The three major chords in a scale are amazing. I feel like I overlook them sometimes. I want to do more than write just another three chord song. But a solid melody and three chords is more than enough to write a great song.
This week’s musical idea is taking a look at a connection between the three major chords and the scale they come from, which is that those three chords together hold all the notes of the major scale. That means any melody that sticks to a major scale could be harmonize with just those three chords.
I was blown away the first time I heard that. I still kind of am.
A few days ago, I was checking out Jake Lizzio’s video (from Signals Music Studio) looking at the chord progression of Bruno Mars’s “When I Was Your Man.” It’s a cool video, and the song has some great changes to explore. And like pretty much all music theory, it can be a little intimidating if you don’t know the jargon. The cool thing is, BEAD Guides Chord Flow can show the principles guiding the song, no jargon needed.
Today is Halloween. This week, I figured I’d share something scary–or at least potentially spooky–and focus in on chords in a minor scale. Not merely a minor scale, but the A minor scale and how to find the chords in it, and play around with them.
Minor scales are notoriously unstable, and there are lots of different ways for a scale to be minor, while there is basically only one major scale. The plus side of the variety and instability of minor scales is that tons of different chords and substitutions will sound “good” in minor scales. (The definition of good here is dependent entirely on the amount of dissonance you can bear).
I’ve included a worksheet below so you can create lots of different progressions and see what they sound like.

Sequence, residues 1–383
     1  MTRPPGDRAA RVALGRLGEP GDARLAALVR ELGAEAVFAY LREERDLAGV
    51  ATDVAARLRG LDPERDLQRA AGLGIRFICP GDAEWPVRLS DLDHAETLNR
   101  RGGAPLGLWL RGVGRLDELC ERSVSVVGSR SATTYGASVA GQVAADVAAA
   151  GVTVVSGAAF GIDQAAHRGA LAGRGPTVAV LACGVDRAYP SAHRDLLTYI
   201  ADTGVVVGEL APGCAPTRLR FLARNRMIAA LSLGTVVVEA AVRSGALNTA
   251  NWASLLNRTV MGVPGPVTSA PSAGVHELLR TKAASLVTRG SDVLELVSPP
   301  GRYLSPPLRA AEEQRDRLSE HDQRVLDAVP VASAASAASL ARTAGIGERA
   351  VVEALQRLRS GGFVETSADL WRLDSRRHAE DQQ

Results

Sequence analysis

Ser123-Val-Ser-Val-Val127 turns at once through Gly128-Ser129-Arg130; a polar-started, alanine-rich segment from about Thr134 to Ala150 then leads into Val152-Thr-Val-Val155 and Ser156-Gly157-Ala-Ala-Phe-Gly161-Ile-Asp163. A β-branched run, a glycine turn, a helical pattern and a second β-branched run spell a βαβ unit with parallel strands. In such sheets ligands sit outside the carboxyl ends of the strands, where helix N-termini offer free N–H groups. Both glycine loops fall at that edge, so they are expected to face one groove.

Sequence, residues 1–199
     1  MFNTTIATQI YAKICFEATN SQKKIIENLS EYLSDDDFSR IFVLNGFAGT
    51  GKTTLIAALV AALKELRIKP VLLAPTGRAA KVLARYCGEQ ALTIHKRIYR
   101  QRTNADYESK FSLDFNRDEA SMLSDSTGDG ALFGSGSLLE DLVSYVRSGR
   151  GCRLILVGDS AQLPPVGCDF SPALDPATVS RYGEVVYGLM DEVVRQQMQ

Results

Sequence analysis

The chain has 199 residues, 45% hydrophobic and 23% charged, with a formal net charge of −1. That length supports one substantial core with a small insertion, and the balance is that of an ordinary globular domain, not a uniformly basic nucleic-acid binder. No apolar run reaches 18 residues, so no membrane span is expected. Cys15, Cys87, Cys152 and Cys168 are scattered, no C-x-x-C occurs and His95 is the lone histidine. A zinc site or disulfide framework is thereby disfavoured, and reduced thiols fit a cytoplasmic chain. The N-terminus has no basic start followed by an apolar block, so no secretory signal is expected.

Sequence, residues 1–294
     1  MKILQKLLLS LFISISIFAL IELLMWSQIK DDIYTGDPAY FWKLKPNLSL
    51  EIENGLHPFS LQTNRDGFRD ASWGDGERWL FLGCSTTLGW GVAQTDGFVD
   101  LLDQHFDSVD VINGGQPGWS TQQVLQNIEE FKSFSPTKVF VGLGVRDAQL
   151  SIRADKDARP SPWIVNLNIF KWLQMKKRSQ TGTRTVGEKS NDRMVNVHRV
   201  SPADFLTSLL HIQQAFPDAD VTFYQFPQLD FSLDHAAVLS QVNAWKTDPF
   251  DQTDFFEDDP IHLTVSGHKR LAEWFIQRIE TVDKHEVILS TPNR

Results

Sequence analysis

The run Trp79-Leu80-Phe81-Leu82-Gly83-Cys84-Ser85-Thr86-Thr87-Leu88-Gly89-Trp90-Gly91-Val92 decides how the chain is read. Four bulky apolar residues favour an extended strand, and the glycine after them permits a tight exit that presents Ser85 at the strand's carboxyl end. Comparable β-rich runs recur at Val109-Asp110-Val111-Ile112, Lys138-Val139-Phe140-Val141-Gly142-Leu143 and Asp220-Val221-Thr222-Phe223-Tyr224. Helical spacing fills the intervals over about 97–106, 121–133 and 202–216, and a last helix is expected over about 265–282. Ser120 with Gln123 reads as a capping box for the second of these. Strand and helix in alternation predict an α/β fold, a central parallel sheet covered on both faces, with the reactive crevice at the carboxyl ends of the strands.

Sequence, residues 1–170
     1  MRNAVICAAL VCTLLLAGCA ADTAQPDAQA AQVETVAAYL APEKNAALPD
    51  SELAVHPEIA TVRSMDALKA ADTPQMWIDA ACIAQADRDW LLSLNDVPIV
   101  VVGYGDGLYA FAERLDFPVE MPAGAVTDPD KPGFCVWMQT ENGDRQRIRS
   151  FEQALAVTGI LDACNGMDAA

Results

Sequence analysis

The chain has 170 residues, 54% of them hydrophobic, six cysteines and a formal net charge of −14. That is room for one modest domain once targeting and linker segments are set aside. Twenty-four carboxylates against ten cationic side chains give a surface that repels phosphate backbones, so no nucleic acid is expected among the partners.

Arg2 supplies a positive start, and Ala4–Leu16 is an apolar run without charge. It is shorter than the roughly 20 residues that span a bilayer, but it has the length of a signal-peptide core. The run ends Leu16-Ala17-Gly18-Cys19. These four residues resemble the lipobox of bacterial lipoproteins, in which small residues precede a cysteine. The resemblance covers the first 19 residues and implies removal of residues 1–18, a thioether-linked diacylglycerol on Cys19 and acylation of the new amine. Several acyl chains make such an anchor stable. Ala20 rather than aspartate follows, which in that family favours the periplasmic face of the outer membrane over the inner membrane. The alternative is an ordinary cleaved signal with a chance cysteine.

Some songs I hear for the first time and I’m just floored. “You Are Not Alone,” performed by Mavis Staples is one of those songs. The lyric is simple, but deep. The chords and melody, likewise are pretty straight forward. But there are some kinks.
Watch for the moment about 30 seconds in, right after the line “What’s that song . . . “ where Jeff Tweedy extends the song a measure on the Em and Mavis has to stop herself from singing the next line, because it’s what a person would expect to happen. That moment of space and melancholy fits the song perfectly. Could adding space, (or taking it away), help a song of yours? The only way to fing out is to try. Here’s the video:
Sometimes things can be virtually the same, even though they look pretty different. That’s the case with the C and G chords on the guitar. They are built in the same way, but use different notes. Also, their fingering on the fretboard appears pretty different because of the how the guitar is tuned.
This week, why not play around with just the G and C chord in a song?
What happens if you only use two chords, G & C major, in a song anyway? Some thoughts that may or may not be useful to you if you decide to use just these two chords:
1) There are five notes in these two chords. C, E G, B, and D, which are Do, Mi, Sol, Ti, and Re, in Solfege.
2) These two chords share only one note, G, or Sol.
What happens when you use a note in the melody that’s in the chord, what about one that isn’t?
What happens when you use a note that isn’t in either chord, but is in a scale the chords share? (This might be F, or A (Fa or La) in the key of C. (In the key of G, the notes would be A or F#, (La or Fi in solfege)
Stretching things a bit further—what if you were to write a melody in the the relative minor of one of these chord (Am for C, or Em for G)
These are all just questions and experiments. If you like, work with one that feels comfortable to you. Simply playing around with only two chords could be plenty.